minute walk outside can be all you need to boost your mood and help lower blood pressure.
Don’t feel like you have to have a lot of time and energy for cardio. Doing a little each day is better than doing nothing at all
So you can see it’s actually the basis or the foundation you need to build you improved health and total fitness on. It is more than essential to get this
So how do you choose a cardio program best suited for you?
The most important step at this level of setting up a program is to figure out what kind of activities you’d like to do.
The trick is to think about what’s accessible to you, what fits your personality and what you’d feel comfortable fitting into your life and schedule. If you
like to go outdoors, running, cycling, or walking are all wonderful options your can exploit.
Just about any activity will work, as long as it involves a movement that gets your heart rate into your heart rate zone. Walking is always an excellent
choice. It’s something most of us can do on a regular basis and you don’t need fancy equipment other than your God given legs.
If you prefer going to the gym, you have access to many more options in the form of machines like stationary bikes, elliptical trainers,
treadmills, rowing machines, steppers and a lot more.
You have so many choices but, the trouble is, you may not even know what you like yet. You may have to try several different activities before you find
one that works for you. This is the experiment we all have to take part in and it can be hit or miss so don’t be afraid to try something and, if it doesn’t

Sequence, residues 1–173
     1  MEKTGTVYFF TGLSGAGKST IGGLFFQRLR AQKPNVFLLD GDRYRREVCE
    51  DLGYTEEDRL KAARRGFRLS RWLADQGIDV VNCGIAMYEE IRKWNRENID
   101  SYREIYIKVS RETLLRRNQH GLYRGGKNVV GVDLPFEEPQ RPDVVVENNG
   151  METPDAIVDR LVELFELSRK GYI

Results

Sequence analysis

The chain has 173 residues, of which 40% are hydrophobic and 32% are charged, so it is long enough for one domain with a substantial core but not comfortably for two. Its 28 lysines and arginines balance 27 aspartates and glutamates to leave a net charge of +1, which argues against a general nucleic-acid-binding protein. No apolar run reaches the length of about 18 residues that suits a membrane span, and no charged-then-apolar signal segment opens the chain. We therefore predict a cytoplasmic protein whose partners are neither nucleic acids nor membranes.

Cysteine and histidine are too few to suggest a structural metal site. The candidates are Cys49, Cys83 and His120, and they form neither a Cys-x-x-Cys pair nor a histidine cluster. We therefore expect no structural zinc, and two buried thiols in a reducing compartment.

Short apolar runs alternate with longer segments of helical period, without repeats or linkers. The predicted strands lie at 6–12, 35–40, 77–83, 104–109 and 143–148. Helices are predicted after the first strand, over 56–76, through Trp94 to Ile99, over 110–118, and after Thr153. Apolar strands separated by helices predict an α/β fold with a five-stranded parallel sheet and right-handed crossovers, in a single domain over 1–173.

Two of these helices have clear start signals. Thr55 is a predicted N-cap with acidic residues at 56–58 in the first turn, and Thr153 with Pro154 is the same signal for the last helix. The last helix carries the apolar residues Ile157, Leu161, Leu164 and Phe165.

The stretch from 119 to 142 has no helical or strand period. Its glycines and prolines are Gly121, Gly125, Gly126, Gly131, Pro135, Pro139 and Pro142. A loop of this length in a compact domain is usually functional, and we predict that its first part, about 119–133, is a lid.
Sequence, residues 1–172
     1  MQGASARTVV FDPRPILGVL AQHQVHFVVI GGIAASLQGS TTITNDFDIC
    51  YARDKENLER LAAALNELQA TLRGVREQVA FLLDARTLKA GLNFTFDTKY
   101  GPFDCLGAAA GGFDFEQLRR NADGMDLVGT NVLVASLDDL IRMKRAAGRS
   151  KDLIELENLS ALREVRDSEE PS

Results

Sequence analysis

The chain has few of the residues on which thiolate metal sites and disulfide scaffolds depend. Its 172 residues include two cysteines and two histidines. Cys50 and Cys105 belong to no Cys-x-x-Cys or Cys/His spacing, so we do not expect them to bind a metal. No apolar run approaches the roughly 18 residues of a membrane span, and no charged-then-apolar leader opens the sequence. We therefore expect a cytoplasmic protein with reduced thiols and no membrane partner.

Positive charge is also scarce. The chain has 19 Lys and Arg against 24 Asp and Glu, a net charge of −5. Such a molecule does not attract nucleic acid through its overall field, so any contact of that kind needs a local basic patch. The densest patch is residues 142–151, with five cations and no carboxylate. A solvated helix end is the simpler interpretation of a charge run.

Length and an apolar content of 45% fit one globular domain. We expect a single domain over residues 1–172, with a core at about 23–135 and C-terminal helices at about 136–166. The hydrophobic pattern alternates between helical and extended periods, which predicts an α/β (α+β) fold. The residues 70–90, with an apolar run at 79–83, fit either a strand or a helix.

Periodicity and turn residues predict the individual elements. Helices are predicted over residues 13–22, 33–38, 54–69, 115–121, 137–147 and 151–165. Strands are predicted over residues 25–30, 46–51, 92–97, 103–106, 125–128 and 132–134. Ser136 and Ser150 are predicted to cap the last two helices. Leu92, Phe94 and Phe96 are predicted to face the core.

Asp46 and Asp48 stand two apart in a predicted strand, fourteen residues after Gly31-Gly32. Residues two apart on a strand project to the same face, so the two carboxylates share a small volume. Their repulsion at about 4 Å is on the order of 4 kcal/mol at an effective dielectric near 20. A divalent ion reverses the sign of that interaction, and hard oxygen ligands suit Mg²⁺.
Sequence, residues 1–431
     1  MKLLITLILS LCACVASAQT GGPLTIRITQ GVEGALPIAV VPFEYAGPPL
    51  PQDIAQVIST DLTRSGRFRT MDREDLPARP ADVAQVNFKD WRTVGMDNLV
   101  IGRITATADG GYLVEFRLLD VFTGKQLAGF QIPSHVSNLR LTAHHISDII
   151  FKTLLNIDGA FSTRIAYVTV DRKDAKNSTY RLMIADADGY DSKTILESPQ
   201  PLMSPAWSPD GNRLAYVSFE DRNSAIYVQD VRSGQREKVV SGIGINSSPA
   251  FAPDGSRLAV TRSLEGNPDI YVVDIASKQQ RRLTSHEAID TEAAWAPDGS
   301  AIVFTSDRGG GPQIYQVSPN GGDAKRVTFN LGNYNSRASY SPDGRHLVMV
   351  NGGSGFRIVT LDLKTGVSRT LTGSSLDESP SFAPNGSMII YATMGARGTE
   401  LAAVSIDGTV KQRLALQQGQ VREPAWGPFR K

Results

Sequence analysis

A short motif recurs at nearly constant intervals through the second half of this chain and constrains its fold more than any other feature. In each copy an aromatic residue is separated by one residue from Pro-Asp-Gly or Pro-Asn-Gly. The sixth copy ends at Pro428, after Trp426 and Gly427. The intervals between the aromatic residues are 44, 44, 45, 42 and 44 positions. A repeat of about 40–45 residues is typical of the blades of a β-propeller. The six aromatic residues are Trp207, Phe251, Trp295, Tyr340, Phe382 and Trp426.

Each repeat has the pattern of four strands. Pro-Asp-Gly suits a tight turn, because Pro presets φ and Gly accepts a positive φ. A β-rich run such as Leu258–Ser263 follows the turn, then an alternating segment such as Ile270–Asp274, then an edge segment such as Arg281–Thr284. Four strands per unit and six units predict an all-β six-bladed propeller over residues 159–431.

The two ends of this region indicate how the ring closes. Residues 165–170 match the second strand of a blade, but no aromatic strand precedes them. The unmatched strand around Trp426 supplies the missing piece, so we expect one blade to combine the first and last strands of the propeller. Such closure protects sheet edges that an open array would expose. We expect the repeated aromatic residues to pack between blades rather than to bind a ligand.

work, move on to something else. After all, you are doing this for you and you only.
Important Tips for Choosing Your Cardio
- There is no ‘best’ cardio exercise. Just because your friend says running is the best doesn’t mean you have to do it, especially if running makes you feel like your entire body is falling apart. Anything that gets your heart rate up fits the bill, even vigorous chores like washing the car
- Do something you enjoy or at least something you can tolerate. If you hate gym workouts, don’t force yourself onto a treadmill. Walk, jog, or bike outdoors. If you like socializing, consider sports, group fitness, working out with a friend.
- Choose something you can see yourself doing at least three days a week. To meet the exercise recommendations, you need to do cardio three days per week. Make it easier to be motivated by choosing an activity that will be convenient for you to do that often, at least until you’ve formed the habit.
- Be flexible and don’t be afraid to branch out once you get comfortable with exercise. The nice thing about cardio exercise is that you can choose any activity that raises your heart rate. You don’t have to do the same workout every session, nor every week. Changing up your cardio is easy, so do it often and you’ll discover more activities you enjoy.